Here's How You Can Protect Your Business

Horizontal Construction: Can the Highway Contractor Be Held Liable? Part 2

A full 85 percent of highway construction zone fatalities are motorists, not workers. A general contractor can be held liable for deaths, injuries, or property damages that occur on his or her site.

Liability is contingent on a variety of factors, so we have our Jacksonville construction attorneys here to continue this three-part article. In Part 1, we went over statistics regarding construction zone accidents and examined the meaning of “reasonable precautions.” Today we will cover limits on liability and instances in which a contractor is usually not liable. In Part 3, we will discuss instances a contractor could be held liable and how to protect yourself.

Instances a Contractor is Not Liable

The state of Florida provides limits on liability which outline when the Department of Transportation and its agents, consultants or contractors cannot be held at fault.

The first list item makes it clear that any motorist driving under the influence of alcoholic beverages or drugs (both illegal drugs and illegal use of legal drugs) presumes responsibility for his or her own loss of life, injuries, or vehicle damage. That said, if gross negligence on the part of the Department of Transportation or its agents, consultants, or contractors was part of the equation, the plaintiff could potentially overcome this presumption.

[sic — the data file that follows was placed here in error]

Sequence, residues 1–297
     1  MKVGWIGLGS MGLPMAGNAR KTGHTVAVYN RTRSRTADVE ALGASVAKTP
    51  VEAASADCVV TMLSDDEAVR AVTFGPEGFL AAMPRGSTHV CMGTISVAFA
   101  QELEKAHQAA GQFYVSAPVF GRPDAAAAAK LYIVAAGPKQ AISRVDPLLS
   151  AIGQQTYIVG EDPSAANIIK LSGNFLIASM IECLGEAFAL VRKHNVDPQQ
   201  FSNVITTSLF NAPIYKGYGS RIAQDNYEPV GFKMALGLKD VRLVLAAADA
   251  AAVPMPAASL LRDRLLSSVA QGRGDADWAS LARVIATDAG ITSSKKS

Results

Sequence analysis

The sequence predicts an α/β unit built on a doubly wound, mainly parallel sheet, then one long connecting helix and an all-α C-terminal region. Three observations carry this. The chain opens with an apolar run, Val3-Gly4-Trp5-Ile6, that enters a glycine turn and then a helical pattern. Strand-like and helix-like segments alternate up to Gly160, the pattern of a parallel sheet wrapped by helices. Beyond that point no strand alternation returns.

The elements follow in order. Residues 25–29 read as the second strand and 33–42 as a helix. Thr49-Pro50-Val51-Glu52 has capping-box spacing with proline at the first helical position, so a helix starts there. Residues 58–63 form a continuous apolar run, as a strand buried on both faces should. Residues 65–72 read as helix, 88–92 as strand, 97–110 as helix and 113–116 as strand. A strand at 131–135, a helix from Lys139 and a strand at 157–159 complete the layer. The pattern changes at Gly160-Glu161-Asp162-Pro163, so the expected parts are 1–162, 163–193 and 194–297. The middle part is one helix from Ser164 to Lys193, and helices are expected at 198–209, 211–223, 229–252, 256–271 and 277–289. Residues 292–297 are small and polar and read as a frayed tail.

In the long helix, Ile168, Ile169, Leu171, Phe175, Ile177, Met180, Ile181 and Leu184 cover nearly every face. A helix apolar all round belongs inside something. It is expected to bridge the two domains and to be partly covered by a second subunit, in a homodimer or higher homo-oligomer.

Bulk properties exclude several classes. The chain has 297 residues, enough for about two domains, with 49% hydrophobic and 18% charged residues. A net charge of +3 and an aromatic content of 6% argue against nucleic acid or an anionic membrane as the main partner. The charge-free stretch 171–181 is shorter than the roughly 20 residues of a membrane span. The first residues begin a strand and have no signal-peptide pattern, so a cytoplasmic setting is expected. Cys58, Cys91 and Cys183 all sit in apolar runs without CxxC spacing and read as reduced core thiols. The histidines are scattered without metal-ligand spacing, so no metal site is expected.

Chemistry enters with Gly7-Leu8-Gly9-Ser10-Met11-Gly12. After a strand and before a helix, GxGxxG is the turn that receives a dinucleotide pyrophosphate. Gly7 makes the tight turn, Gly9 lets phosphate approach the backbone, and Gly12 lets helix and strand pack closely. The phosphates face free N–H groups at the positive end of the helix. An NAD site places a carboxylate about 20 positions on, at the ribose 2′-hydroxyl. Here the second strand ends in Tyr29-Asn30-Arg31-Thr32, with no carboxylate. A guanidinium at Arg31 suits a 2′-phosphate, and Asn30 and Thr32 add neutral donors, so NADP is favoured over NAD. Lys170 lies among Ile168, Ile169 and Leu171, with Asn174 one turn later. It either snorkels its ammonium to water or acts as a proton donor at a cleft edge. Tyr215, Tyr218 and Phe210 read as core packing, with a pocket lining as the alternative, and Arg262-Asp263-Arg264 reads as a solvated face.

Another large part of the equation is whether a contractor was in compliance with contract documents relevant to the condition that was the proximate cause of the accident. If the contractor was in compliance, he or she is usually not liable. As with most legal issues, there are exceptions to this rule. One of these potential exceptions is when a latent condition arises from a mistake or omission on the part of the contractor and causes injury, death, or property damage.

It is also important to note that when a road is completely closed, contractors are generally not liable for any injury. Courts usually assign most of the blame for the injury, death or property damage on a driver who has chosen to drive on a closed road.

There are laws and limits regarding liability, but like most legal matters, these incidents are handled on a case by case basis.

If you would like to speak with a Jacksonville contractor attorney, please contact us today.

Disclaimer: The information contained in this article is for general educational information only. This information does not constitute legal advice, is not intended to constitute legal advice, nor should it be relied upon as legal advice for your specific factual pattern or situation.